Incorporated in September 1915, the south-central Okmulgee County community of Dewar is situated three miles northeast of Henryetta and twelve miles south of Okmulgee on U.S. Highway 266. Dewar originated as a train depot and became a settlement founded by railroad workers in 1909. Once the townsite was established, a post office opened there on April 27, 1909. Dewar was named after William Peter Dewar of Muskogee, an official of the Missouri, Oklahoma and Gulf Railway (MO&G) and a member of the board of directors of the Missouri, Oklahoma and Gulf Railway Company of Texas. The MO&G went into receivership in 1913 and reorganized as the Kansas, Oklahoma and Gulf Railway (KO&G) in 1919.
From the mid-1910s into the early 1930s Dewar was a thriving community whose growth was fueled by the railroad, coal, and petroleum industries. A cotton gin opened there in 1915, and the Okmulgee Northern Railway (ON) was built through town in 1916. Also in 1916, natural gas–fired zinc smelters were built nearby. In 1920 Dewar experienced the historical peak of its population, 1,558. In 1930 the town had two schools, four churches, the KO&G, two bus lines, and 994 residents. City administrators then included Mayor S. A. Varner; police chief, B. F. Morgan; city clerk, Miss J. E. Powers; and postmaster, E. B. Larimore. Early newspapers were the Dewar Telegram and the Dewar News.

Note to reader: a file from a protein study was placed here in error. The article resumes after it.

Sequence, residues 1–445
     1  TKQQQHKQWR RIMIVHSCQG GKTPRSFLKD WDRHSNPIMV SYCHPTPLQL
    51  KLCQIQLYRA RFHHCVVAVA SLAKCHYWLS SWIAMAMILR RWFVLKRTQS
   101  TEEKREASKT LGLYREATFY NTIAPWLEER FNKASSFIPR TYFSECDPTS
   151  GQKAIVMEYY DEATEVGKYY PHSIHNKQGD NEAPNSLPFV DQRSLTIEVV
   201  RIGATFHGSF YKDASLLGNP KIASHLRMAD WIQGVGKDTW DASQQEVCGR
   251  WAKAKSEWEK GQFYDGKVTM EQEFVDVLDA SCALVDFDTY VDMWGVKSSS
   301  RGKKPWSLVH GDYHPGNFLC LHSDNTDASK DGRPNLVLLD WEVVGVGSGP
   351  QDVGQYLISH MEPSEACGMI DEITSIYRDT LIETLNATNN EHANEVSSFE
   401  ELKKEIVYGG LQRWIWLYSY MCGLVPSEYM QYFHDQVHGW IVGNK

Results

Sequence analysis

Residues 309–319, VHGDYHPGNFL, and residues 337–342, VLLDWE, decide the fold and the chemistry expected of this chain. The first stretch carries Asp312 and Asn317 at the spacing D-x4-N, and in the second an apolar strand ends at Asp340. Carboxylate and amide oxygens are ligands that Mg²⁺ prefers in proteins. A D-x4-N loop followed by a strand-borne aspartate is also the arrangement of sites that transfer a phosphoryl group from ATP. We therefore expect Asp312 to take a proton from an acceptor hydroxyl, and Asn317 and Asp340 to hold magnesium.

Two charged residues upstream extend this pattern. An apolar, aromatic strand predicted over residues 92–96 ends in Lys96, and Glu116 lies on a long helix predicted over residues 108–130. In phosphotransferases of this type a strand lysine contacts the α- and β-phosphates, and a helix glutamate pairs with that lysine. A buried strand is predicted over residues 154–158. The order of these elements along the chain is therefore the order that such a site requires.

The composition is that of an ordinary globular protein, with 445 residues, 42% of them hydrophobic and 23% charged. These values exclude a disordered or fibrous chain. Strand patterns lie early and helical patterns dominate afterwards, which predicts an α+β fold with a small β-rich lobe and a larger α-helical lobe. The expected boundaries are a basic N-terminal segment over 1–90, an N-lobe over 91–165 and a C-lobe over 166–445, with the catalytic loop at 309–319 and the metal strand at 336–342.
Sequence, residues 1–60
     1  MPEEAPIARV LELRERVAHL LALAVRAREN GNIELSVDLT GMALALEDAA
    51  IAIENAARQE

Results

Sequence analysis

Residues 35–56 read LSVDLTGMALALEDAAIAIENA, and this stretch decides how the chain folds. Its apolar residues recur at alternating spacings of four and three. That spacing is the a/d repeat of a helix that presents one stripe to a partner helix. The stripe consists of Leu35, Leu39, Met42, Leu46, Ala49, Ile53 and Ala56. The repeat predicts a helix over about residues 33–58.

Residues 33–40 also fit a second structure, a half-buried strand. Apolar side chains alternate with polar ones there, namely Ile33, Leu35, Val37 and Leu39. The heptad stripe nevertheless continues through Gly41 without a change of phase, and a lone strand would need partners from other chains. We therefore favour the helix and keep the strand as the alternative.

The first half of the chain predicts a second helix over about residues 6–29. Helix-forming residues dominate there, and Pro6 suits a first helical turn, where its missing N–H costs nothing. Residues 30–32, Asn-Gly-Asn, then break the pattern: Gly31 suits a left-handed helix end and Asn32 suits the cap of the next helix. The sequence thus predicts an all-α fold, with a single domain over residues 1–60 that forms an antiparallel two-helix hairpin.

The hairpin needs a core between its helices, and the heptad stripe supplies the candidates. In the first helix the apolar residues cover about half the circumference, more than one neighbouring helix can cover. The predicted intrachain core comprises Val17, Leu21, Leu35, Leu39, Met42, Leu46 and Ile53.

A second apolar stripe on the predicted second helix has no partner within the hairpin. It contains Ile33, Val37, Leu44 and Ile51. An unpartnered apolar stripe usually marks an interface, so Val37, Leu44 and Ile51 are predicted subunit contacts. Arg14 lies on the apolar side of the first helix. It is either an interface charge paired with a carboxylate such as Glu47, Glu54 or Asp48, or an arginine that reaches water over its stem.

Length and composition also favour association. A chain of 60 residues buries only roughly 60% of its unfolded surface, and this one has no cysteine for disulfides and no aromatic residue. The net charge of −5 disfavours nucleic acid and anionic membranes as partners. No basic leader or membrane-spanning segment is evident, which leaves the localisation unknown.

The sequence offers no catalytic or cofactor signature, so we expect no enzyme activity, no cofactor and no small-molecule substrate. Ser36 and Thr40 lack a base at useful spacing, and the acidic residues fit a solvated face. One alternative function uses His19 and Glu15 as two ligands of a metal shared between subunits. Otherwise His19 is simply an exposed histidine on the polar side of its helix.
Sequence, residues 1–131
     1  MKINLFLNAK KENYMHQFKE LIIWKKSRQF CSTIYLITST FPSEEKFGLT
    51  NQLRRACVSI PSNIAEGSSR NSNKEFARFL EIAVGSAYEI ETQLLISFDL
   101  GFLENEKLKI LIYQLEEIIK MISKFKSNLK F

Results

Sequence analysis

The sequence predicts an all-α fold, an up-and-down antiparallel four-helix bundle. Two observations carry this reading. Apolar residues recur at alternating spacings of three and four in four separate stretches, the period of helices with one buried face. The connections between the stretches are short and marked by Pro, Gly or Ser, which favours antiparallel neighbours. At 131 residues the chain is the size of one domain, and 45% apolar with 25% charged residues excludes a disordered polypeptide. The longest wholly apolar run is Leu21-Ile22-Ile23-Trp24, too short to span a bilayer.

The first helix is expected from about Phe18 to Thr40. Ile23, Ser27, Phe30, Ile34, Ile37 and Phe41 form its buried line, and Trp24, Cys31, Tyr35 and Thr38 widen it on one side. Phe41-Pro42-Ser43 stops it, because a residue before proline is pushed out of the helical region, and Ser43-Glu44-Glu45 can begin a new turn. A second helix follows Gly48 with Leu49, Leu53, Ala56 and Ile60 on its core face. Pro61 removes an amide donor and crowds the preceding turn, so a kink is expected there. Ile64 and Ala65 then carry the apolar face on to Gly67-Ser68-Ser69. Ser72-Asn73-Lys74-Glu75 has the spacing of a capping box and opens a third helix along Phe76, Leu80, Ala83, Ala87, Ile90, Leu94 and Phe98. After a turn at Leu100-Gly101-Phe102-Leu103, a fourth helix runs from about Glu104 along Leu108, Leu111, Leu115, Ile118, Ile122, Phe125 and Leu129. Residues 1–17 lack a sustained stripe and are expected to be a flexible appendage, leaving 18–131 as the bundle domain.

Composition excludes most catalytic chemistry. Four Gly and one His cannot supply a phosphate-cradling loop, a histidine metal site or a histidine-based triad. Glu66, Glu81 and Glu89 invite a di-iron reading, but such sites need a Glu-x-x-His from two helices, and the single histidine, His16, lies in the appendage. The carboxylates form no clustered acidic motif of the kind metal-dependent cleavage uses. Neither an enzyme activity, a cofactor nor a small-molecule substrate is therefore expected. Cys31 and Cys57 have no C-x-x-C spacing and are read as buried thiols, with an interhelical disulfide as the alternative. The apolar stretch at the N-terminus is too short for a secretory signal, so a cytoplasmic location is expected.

By the late 1930s and early 1940s, as Oklahoma's coal industry declined, Dewar's local coal mines were closed and crude production was limited to oil leases. During the 1940s the population experienced its sharpest drop, declining to 778. That figure subsequently rose from 1,015 in 1950 to 1,048 in 1980. Both the KO&G and the ON railway lines were abandoned in June 1964.
Dewar had seven businesses and 919 citizens in 2000. At that time manufacturing and the education, health, retail, and social service industries sustained the local economy. The town had an elementary school and a high school. The nearest hospital and airport were at Henryetta. The 2010 population was 888.
"Dewar," Vertical File, Research Division, Oklahoma Historical Society, Oklahoma City.
Okmulgee Historical Society and the Heritage Society of America, comps. and eds., History of Okmulgee County, Oklahoma, Vol. 1 (Tulsa, Okla.: Historical Enterprises, 1985).
Lawrence Thompson, "The Doers Do It at Dewar," Daily Oklahoman (Oklahoma City), 21 January 1940.
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The following (as per The Chicago Manual of Style, 17th edition) is the preferred citation for articles:
Glynis Coleman, “Dewar,” The Encyclopedia of Oklahoma History and Culture, https://www.okhistory.org/publications/enc/entry.php?entry=DE016.
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